The sell-off in oil continued yesterday, with worries over Covid-19 growing. The World Health Organization (WHO) reported that the number of new cases outside China exceeded those within China for the first time. The pressure yesterday means that ICE Brent is almost 10% lower over the past week. This should send a clear signal to OPEC+ ahead of their meeting in Vienna late next week. Clearly, it is Russia that needs convincing, with little indication that they back the recommendation from the Joint Technical Committee from a few weeks ago. However the CEO of Gazprom has said that given the level of uncertainty around demand, that OPEC+ should make a decision around quotas at a later stage.
Yesterday, the EIA released its weekly report, which was more constructive than expected. It showed that US crude oil inventories increased by just 452Mbbls, much less than the 2.6MMbbls build the market was expecting, and lower than the 1.3MMbbls build the API reported the previous day. Meanwhile sizeable draws of 2.69MMbbls and 2.12MMbbls were seen in gasoline and distillate fuel oil respectively. The outage at the Baton Rouge refinery was also reflected in the numbers, with refinery run rates in the Gulf Coast down 3.1% over the week.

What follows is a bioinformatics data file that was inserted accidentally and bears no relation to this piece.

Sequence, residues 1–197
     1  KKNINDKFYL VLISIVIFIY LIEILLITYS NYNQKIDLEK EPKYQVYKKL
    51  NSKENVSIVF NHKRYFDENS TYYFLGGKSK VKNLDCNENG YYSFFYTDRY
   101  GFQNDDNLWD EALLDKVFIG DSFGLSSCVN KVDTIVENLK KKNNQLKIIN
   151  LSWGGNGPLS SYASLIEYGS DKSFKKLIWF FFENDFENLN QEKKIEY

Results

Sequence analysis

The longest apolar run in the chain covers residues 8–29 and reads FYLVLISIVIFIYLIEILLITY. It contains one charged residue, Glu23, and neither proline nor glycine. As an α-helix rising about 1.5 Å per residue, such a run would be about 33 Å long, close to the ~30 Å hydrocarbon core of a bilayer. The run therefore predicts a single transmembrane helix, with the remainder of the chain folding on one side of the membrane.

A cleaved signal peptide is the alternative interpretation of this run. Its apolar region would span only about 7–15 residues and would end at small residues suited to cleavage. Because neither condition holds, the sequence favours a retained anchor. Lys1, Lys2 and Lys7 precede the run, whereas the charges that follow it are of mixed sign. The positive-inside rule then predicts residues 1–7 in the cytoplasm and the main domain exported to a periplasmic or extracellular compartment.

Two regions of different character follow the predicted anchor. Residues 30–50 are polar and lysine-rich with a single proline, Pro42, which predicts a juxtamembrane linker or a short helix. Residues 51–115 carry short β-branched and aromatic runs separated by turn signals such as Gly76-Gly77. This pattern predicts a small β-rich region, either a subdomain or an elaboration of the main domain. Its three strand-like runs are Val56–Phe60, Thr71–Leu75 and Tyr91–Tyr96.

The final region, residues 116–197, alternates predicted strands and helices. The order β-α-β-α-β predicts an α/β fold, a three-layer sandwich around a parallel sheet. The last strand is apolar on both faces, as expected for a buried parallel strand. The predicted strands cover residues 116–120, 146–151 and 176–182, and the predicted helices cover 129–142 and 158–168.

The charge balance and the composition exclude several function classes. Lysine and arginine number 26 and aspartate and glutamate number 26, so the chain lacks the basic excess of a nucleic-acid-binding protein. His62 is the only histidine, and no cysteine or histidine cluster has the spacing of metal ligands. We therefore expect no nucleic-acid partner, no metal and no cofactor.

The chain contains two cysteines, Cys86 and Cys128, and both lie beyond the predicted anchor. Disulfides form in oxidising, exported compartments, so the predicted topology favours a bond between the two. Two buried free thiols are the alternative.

Ex-China Covid-19 developments offered renewed support to gold and this strength has continued in early morning trading today. Uncertainty over the virus continues to see investors flocking towards the yellow metal, with gold ETF holdings increasing for 26 consecutive days, with inflows over that time growing by 2.72moz to total 84.43moz currently. Given this uncertainty is likely to linger, along with the prospect for lower rates, it suggests that gold prices are the to remain well supported.
Turning to base metals, LME data showed that copper exchange inventories saw inflows of 61.2kt yesterday (the highest since 2004), taking total stocks to 221kt. Meanwhile turning to aluminium, there are reports that negotiations for 2Q20 Japanese aluminium premia started this week, with one buyer offered a premium of US$90/t, for the upcoming quarter. This would be up from US$83/t in the current quarter.
There are media reports that the Argentinian government is set to increase the export tax on soybeans from the current 30% to 33% after it temporarily suspended its export registry system. If this is the case, it follows an increase late last year following the arrival of the new president, Alberto Fernandez. The hope is that this will help reduce the country’s fiscal deficit. As of yet, there has been no official confirmation of the tax hike. However, the news did see a brief spike higher in CBOT soybeans.